Treatment of oilfield water
"Oilfield water" or "produced water" (because the water often rises from the oilfield in the form of an emulsion with the crude oil) is separated in water knockout tanks before preliminary oil removal (hydrocyclone in particular offshore or lamellar separator CPI, Corrugated Plate Interceptor type onshore) and a final polishing treatment that will depend on its end use (figure 24) and on local discharge standards :
- offshore discharge via mechanical flotation ( HC < 40 mg·L–1), dissolved air flotation or coalescence ( HC < 10 mg·L–1); the latter should only be used in cases of very low suspended solids levels (minerals, waxes, solidified heavy hydrocarbons, etc.);
- reuse for re-injection after degasification if necessary and sand filtration.
Reinjection is preferable because it not only avoids any discharge into the sea but avoids the evolution of bacteria, especially sulphur-reducing bacteria, and any chemical incompatibility with reservoir water (often inevitable when injecting seawater). Nor does it usually require water to be de-oxygenated; however, it does require thorough oil removal (1-2 mg · L–1) and filtration.
The 3D diagram corresponds to an onshore oil facility in Irak which includes a first oil separation stage using a CPI, a second oil separation stage using mechanical flotation and a polishing stage using a walnut shell media filter. The facility’s flow rate is 530 m3/h and is capable of reducing oil concentration levels from 2000mg/L to 10mg/L by trapping 98% of suspended particles larger than 5µm.
Gas fields also produce water which needs to be treated. This water does not come from gas extraction operations themselves but from the regeneration of MEG or TEG (Mono or Tri Ethylene Glycol) used for dehydrating gas.
Unlike water produced in the oil fields, water from gas fields does not contain SS or dissolved salts. However the content in oil, BTEX (Benzene, Toluene, Ethylbenzene, Xylene), phenol and more generally organic compounds is significant and requires a treatment level which may be very advanced depending upon the discharge standards required. The treatment stages generally include oil separation, removal of toxic organic compounds, a biological treatment process and a potential polishing process.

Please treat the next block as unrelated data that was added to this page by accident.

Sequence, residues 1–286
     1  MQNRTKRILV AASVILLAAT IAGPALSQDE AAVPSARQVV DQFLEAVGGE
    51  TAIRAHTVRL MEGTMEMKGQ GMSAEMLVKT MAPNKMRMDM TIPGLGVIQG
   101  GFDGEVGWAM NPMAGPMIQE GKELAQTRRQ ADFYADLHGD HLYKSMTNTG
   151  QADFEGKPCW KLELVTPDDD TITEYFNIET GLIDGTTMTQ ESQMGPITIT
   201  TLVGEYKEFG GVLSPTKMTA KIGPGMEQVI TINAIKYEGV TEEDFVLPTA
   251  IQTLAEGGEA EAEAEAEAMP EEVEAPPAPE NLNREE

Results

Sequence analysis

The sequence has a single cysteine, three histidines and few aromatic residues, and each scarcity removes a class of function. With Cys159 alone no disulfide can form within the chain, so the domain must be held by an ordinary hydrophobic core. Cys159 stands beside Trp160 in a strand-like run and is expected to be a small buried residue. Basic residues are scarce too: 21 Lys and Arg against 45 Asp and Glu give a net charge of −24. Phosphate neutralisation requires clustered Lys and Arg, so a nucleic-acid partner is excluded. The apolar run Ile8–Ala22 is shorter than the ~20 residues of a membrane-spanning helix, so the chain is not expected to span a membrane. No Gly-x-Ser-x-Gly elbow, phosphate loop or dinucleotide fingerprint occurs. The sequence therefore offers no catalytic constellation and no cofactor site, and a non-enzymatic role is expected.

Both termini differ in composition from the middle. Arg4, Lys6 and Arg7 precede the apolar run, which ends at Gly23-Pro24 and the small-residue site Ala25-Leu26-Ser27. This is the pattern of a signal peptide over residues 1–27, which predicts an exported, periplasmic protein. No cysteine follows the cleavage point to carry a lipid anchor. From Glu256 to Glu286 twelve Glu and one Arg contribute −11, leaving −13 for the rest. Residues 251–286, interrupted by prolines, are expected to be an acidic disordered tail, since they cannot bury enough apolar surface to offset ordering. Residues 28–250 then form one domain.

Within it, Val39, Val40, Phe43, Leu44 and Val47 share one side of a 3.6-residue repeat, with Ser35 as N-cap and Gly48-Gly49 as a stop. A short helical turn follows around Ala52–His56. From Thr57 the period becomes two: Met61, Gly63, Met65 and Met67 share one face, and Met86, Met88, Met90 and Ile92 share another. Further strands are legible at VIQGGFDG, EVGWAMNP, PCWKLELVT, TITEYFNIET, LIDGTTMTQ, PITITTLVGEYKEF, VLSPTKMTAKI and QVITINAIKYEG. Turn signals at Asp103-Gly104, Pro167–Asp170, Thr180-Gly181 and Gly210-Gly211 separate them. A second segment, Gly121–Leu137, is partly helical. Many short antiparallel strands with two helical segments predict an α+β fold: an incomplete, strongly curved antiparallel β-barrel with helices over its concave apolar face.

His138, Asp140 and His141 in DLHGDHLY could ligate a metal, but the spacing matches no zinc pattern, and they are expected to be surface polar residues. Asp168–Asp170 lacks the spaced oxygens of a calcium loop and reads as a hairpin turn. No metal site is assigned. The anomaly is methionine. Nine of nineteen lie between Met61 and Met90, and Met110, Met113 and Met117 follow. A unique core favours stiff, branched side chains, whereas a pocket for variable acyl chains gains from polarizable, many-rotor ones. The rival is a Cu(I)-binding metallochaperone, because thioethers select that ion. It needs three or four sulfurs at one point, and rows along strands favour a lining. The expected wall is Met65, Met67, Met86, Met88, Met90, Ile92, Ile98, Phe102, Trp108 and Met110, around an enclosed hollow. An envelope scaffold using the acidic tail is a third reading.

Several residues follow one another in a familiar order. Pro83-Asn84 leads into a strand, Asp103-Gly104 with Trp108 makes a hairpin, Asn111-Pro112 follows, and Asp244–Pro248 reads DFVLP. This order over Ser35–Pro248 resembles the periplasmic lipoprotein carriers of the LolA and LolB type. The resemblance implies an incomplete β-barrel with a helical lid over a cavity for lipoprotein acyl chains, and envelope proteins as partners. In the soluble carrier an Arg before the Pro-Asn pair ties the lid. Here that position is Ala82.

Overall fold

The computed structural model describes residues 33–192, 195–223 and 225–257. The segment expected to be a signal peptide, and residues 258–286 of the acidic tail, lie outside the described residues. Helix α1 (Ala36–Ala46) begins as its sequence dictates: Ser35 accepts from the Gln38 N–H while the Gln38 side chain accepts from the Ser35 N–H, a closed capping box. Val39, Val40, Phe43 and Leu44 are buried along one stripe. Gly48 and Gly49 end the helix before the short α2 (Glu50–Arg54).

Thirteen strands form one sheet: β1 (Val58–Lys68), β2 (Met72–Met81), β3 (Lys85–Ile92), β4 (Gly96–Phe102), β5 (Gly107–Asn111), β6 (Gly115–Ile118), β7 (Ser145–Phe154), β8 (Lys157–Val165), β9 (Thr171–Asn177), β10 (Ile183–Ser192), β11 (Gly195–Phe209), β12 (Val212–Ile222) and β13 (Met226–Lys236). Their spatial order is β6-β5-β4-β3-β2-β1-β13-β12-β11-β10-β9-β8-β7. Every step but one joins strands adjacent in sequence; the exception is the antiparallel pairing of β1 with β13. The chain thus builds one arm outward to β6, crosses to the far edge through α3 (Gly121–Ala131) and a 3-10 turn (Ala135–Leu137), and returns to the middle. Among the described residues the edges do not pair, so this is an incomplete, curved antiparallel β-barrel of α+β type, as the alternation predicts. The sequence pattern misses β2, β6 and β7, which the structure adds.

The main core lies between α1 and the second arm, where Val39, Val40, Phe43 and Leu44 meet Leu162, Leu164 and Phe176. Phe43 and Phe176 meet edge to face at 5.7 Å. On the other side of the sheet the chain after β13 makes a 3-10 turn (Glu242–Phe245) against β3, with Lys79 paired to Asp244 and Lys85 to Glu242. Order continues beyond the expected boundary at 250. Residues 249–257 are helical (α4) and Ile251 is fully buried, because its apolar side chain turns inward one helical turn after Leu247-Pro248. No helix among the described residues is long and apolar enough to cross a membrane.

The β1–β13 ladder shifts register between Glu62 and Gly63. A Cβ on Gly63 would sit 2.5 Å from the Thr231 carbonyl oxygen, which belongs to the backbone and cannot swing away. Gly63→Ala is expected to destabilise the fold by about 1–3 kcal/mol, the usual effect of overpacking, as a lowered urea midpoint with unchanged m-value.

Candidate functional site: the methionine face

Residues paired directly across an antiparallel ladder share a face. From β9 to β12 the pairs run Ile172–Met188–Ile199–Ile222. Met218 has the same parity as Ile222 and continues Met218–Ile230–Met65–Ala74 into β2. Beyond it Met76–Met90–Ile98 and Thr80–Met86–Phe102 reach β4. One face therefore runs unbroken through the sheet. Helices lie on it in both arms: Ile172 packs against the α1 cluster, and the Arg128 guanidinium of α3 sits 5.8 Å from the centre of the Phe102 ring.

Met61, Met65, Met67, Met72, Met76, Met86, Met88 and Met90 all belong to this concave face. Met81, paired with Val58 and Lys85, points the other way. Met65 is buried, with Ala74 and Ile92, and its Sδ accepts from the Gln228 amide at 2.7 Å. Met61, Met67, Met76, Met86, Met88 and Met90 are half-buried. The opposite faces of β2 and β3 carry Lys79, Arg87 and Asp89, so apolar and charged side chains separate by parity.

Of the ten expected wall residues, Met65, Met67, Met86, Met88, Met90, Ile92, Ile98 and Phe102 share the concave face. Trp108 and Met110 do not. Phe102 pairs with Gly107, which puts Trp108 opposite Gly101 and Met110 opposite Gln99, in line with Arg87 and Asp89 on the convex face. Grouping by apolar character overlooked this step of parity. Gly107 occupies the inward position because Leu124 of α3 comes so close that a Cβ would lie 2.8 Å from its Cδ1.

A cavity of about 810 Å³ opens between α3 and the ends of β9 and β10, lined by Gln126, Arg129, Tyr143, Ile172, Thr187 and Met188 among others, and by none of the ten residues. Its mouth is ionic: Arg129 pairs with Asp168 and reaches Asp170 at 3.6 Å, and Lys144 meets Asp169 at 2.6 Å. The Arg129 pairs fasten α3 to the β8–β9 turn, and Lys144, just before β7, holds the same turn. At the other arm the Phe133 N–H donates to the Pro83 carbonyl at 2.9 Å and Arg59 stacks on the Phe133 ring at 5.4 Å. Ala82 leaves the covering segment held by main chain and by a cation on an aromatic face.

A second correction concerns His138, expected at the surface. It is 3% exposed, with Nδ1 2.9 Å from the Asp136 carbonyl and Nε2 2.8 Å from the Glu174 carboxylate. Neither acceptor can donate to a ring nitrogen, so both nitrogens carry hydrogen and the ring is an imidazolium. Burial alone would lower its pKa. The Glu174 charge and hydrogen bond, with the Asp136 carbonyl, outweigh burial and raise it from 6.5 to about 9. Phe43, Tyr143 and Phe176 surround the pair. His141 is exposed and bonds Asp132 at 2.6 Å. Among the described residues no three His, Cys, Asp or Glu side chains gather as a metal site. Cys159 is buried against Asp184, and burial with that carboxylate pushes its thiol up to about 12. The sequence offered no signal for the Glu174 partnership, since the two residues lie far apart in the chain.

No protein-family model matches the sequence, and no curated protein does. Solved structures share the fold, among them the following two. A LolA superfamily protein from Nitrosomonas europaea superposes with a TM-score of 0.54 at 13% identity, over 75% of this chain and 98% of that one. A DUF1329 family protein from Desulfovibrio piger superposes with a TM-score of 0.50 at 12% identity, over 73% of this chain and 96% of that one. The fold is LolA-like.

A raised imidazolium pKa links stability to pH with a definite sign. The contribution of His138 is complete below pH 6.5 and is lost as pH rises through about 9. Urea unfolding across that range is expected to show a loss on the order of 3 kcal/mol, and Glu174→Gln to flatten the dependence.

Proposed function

Based on the scheme, a gas field water treatment unit was installed in the North Sea. The process includes a CPI oil separator, stripping of organic compounds, dissolved air flotation followed by biological treatment allowing 30 m3/h to be treated and meeting very stringent discharge to the sea standards, particularly for BTEX compounds.
processing seawater for the purpose of re-injection
Various clarification criteria are significant depending on oil field permeability, e.g.:
- 98 % of particles > 2 mm eliminated;
- turbidity < 0.5 NTU or even 0.2 NTU;
- more rarely SDI < 3 (fouling index see treatability tests);
whereas the seawater can come from the coast or an estuary with significant levels of suspended solids, it can also be from offshore and, in that case, be low in suspended solids (< 1 mg · L–1).
The two potential treatment lines are very similar.
- coastal water (platform or offshore) – figure 31, the sedimentation stage being either clarification or rapid flotation (Rictor, see flocculators – settling tanks – flotation units).
- offshore platform – figure 32.
Usually extracted at depths of 20 or 30 m below the surface, as this water no longer contains significant suspended solids (< 2 ppm), filtration, whether or not preceded by coagulation, is adequate.